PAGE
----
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If I haven't missed anything then ClientKey should be thread safe. Once you have build the ClientKey object, the parameterMap is only ever read and never modified.

However it relies on the fact that no malicious or buggy client isn't trying to modify in the meantime. Therefor I would consider changing the ClientKey object to protect against changes. Several options come to mind

  1. Change your ClientKey constructor so it creates a readonly map:

    private ClientKey(Builder builder) {
        this.userId = builder.userId;
        this.clientId = builder.clientId;
        this.remoteFlag = builder.remoteFlag;
        this.testFlag = builder.testFlag;
        this.parameterMap = Collections.unmodifiableMap(builder.parameterMap);
        this.timeout = builder.timeout;
    } 
    

    This will prevent anyone from changing the map obtained via getParameterMap.

  2. Make your ClientKey class implement Iterable<Entry<string, string>> which allows iteration over the internal map rather than exposing the map through a get function.

  3. Return an Iterable<Entry<string, string>> from getParameterMap (and probably call it getParameters instead).

I'd prefer 2 or 3 because it enforces the readonly-ness in a much stronger way.

Update

Number 3 could be simply implemented as

Iterable<Entry<string, string>> getParameters() {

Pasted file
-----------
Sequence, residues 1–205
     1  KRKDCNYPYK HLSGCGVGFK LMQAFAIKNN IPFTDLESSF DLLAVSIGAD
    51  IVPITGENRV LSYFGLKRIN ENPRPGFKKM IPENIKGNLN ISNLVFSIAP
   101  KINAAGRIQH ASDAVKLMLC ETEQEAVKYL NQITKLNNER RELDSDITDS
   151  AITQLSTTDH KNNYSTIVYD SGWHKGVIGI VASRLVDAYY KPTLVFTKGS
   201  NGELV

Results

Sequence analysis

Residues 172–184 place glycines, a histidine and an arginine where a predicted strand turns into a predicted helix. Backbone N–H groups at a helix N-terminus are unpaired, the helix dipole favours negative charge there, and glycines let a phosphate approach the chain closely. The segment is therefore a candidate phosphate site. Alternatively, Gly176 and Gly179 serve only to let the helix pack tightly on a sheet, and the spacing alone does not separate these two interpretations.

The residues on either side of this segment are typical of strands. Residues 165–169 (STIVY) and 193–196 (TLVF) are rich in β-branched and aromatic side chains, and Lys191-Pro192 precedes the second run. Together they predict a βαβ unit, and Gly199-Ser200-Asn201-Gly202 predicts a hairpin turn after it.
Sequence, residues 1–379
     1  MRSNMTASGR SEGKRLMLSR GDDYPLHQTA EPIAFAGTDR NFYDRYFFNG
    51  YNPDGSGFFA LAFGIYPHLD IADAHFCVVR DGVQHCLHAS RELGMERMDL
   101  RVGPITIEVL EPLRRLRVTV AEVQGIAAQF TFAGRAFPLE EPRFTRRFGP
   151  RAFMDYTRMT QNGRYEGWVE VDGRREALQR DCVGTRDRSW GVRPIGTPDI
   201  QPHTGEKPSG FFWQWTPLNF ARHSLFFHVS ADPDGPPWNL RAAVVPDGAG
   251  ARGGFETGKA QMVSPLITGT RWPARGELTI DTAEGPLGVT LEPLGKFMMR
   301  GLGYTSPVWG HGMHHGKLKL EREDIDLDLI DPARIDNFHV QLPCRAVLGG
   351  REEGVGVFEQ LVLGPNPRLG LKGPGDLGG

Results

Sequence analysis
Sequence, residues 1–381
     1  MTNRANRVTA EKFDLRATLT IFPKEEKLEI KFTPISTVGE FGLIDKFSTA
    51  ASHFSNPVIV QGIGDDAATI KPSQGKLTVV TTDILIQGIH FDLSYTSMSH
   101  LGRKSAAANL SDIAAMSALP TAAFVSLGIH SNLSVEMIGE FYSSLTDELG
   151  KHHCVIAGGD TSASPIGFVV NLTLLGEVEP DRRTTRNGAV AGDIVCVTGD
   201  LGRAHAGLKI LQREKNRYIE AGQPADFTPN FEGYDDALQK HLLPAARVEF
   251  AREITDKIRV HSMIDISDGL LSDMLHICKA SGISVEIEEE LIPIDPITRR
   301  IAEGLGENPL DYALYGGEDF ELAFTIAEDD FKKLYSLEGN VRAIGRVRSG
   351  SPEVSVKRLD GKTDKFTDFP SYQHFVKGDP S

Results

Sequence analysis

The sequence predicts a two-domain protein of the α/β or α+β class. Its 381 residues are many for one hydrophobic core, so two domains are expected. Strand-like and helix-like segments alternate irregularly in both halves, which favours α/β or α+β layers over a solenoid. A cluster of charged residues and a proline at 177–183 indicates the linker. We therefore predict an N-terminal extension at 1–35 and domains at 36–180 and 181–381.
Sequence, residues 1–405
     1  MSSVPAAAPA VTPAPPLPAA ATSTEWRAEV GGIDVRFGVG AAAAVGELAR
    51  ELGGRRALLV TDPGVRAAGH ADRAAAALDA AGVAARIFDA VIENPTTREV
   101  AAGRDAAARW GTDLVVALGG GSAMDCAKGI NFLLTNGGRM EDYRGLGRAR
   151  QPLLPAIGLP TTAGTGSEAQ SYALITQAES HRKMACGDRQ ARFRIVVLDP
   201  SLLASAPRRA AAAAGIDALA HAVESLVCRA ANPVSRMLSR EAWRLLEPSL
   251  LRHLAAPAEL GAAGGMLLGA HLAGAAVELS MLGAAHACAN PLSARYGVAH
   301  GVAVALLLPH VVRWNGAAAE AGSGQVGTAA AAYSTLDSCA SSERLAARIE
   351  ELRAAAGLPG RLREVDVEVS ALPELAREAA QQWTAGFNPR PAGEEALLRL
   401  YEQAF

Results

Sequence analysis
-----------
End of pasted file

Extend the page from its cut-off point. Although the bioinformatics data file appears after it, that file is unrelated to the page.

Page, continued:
return parameterMap.entrySet();
}

or if you want to be really paranoid (to protect against someone trying to cast the return value back to a Set in order to try adding elements):

Iterable<Entry<string, string>> getParameters() {
    return Collections.unmodifiableSet(parameterMap.entrySet());
}

Usage would be to replace this:

   final Map<String, String> paramMap = cKeys.getParameterMap();
    Set<Entry<String, String>> params = paramMap.entrySet();
    for (Entry<String, String> e : params) {
        url.append("&" + e.getKey());
        url.append("=" + e.getValue());
    }

with:

    for (Entry<String, String> e : cKeys.getParameters()) {
        url.append("&" + e.getKey());
        url.append("=" + e.getValue());
    }

The slight downside to that is that a user cannot perform fast lookups anymore on it to get the value for a specific parameter. If you want to support that then you'd need to add a getParameter(string parameterName) method to ClientKey.

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  • \$\begingroup\$ Thanks Chris for the suggestion. Appreciated your help. Can you provide an example for option 2 and 3 corresponding to my example so that I can understand how things will look like and how I am supposed to use it. Thank you. \$\endgroup\$ – david Jan 26 '14 at 8:49
  • \$\begingroup\$ @user2809564: See updated answer \$\endgroup\$ – ChrisWue Jan 26 '14 at 9:19
  • \$\begingroup\$ Thanks a lot Chris. I also have similar question here. See if you can help me out there as well. \$\endgroup\$ – david Jan 26 '14 at 9:33